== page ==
Discovery of future-selves as TESOL professionals: Exploring the Identity Formation of Nonnative Preservice Teachers

| January 3, 2014
Discovery of future-selves as TESOL professionals: Exploring the Identity Formation of Nonnative Preservice Teachers

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Younju Kong

The present study explored the process through which nonnative TESOL students construct their professional identities and discover their future professional-selves. In particular, this study found nonnative tutors (NNSTs) to have a significant influence upon the social circumstances of nonnative students (NNSSs). This was a qualitative research employing a case study as a basic framework, and involving semi-structured interviews with 3 NNSTs and 4 NNSSs on an MSc TESOL programme at the University of Edinburgh. In the findings of the study, three overarching themes emerged: (1)Confidence, (2)Identity, and (3)Fairness. Drawing on a sociocultural approach as a theoretical lens, the findings showed that the presence of NNSTs exerted a positive influence on students’ self-perceptions as NNSs and on their professional identity formation. More notably, this study found that negotiating identity is a situated, dynamic, and contextualised social process and the NS construct is a significant parameter in the NNSSs’ professional identity formation in terms of being “a lived reality” (Brutt-Griffler and Samimy, 1999:429) in NNSSs’ sociocultural contexts. Based on the discussion of findings and the main outcomes, this study makes the following recommendations for teacher education programmes (TEPs): 1) As an important coconstructor of NNSSs’ professional identities, TEPs should be sensitive to various local contexts and address how these contexts contribute to frame students’ beliefs and identity constructions. 2) TEPs should enable NNSSs to challenge the validity of the NS construct and empower them as ELT professionals by offering alternative discourses such as a sense of ownership of English and the notion of expertise. 3) TEPs should provide NNSSs opportunities to foster a critical awareness of their own contexts in order to allow them to make more informed decisions about establishing their legitimacy as ELT educators by recognising inequitable constraints imposed by contexts and deconstruct them. Finally, based on the findings of the study, I argue that research on NNS preservice teachers’ identity formation should consider the various contexts in which they were, are and will be situated for in-depth accounts of the situated nature of identities.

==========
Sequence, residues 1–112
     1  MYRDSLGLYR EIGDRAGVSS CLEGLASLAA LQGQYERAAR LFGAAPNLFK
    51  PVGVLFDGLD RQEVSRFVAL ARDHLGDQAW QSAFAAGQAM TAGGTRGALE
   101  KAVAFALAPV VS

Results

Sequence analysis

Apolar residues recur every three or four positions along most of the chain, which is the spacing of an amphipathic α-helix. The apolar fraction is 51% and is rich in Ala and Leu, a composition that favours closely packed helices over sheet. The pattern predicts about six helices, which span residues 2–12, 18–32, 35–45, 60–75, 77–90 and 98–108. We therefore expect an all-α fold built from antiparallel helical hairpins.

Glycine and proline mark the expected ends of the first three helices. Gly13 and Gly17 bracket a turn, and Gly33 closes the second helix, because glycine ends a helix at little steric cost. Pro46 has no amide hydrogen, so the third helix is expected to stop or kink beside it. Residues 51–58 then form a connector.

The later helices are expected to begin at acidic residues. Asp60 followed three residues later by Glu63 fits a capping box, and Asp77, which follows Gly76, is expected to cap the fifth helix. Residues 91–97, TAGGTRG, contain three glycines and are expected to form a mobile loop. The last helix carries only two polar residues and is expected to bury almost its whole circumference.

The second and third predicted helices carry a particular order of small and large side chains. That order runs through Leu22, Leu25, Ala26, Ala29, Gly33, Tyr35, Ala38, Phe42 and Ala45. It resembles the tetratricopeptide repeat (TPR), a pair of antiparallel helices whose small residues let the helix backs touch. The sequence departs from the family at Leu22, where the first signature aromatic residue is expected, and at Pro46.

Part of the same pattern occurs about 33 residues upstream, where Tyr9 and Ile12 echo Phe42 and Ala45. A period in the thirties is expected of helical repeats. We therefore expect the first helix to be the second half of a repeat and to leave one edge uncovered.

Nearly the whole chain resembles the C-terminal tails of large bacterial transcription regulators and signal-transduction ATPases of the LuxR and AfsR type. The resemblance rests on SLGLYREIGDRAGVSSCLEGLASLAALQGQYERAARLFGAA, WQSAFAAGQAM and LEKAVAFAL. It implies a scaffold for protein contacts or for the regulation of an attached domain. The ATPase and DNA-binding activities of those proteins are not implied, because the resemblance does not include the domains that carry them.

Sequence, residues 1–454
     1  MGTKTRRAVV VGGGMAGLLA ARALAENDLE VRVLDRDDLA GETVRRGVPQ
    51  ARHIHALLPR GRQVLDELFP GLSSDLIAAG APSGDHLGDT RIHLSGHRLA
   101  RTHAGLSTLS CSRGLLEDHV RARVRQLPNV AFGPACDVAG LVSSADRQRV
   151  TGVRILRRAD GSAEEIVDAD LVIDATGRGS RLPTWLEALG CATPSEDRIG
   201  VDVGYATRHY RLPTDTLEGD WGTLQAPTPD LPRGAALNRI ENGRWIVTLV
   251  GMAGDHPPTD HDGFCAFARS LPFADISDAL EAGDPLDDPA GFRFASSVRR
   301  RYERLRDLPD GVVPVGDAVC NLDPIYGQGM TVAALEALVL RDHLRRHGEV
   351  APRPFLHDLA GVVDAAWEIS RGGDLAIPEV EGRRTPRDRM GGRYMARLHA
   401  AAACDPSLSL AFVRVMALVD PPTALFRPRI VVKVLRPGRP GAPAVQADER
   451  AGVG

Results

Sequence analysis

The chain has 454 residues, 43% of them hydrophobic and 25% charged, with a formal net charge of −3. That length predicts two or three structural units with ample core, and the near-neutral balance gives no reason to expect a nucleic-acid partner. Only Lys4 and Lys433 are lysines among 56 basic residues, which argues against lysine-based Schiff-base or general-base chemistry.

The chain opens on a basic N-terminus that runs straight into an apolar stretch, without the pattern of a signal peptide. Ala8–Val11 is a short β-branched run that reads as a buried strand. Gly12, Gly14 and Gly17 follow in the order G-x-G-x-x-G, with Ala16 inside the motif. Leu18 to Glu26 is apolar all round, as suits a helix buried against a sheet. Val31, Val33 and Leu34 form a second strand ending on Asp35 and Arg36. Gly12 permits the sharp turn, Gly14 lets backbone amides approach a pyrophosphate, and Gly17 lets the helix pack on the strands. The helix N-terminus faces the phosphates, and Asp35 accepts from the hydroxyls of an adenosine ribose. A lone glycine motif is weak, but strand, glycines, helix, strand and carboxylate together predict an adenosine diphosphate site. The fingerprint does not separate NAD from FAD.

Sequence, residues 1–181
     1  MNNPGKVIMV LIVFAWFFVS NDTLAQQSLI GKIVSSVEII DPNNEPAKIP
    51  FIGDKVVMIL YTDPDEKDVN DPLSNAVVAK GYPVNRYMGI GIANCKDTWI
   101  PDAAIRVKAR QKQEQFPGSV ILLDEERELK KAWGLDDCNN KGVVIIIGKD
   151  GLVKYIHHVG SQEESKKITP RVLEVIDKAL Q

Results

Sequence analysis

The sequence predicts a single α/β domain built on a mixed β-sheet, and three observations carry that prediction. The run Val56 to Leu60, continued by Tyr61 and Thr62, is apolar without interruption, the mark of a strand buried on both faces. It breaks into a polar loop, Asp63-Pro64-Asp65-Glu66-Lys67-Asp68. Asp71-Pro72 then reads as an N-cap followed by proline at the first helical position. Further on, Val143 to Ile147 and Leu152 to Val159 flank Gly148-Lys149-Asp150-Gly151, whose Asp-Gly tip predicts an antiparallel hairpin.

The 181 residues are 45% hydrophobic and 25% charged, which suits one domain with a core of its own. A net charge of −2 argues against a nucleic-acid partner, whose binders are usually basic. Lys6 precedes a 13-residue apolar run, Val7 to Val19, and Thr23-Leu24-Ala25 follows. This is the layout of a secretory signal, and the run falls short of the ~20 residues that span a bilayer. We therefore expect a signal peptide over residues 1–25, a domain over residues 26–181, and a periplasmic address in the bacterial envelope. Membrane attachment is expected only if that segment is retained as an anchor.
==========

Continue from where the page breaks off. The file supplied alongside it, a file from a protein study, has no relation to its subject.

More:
Category: Thesis